By Samuel Chamberlain
Published May 07, 2019
The leaders of the House Intelligence Committee have threatened to issue a rare bipartisan subpoena that would compel the Justice Department to turn over Special Counsel Robert Mueller's complete and unredacted report on the Russia investigation, as well as allow Mueller himself to brief the committee about the probe.
Committee Chairman Adam Schiff, D-Calif., and ranking member Devin Nunes, R-Calif., initially requested "all materials ... obtained or produced by the Special Counsel's Office in the course of the investigation" in a March 27 letter to Attorney General William Barr, Deputy Attorney General Rod Rosenstein, and FBI Director Christopher Wray. After receiving no response, Schiff and Nunes repeated their request in a second letter dated April 25, one week after Barr released a redacted version of the Mueller report to Congress and the public.
"[A]s the report makes clear, the Department of Justice and the FBI failed to keep the Committee 'fully and currently informed' of this important foreign intelligence and counterintelligence information, as required by law," Schiff and Nunes wrote in the April letter. "The Department and the Bureau did not keep the Committee apprised of this information ... contrary to long-standing practice regarding significant counterintelligence matters."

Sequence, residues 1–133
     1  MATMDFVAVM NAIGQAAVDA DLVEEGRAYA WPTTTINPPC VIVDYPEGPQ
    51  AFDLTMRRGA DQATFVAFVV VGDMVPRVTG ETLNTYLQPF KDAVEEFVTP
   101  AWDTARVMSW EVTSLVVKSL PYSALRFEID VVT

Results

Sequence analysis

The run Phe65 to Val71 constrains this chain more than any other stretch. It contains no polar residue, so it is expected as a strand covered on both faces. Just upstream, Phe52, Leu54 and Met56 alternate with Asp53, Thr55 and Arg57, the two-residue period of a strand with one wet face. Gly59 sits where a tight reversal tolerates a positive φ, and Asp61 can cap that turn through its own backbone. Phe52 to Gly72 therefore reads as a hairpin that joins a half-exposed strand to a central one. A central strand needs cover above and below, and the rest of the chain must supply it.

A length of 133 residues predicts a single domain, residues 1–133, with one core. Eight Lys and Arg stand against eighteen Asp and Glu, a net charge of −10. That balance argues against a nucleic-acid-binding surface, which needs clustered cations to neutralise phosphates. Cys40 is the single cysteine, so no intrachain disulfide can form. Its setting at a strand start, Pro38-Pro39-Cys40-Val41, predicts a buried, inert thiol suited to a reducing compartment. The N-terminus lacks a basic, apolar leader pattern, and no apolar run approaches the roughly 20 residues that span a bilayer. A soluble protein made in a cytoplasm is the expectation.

The second letter from Nunes and Schiff gave the Justice Department until May 2 to cooperate with their requests or "the Committee will have no choice but to resort to compulsory process on Friday, May 3 to compel production of documents responsive to the Committee's request."
A committee aide told Fox News on Tuesday that "the [Justice] Department has not produced any documents responsive to our requests and has not agreed to schedule any testimony," even after Schiff and Nunes sent their second letter.
"An accommodations process must go both ways, and the Committee will soon start the compulsory process since the Department has not even begun to comply," the aide said.
The letters mark a rare showing of bipartisan agreement between Schiff and Nunes, who have repeatedly been at loggerheads over the Russia investigation. On March 28, the committee's nine Republican members -- including Nunes -- requested that Schiff step down as chairman over his repeated claims in the media that there was "more than circumstantial evidence” of collusion between the Trump campaign and Russia.
Last week, Schiff called for Barr to resign as attorney general over his handling of the Mueller report, writing in a USA Today op-ed that Barr "misled the country about an investigation implicating the president.
"Then he lied to Congress," Schiff wrote in the piece published last Friday. "Then he did something worse: He effectively said that the president of the United States is above the law."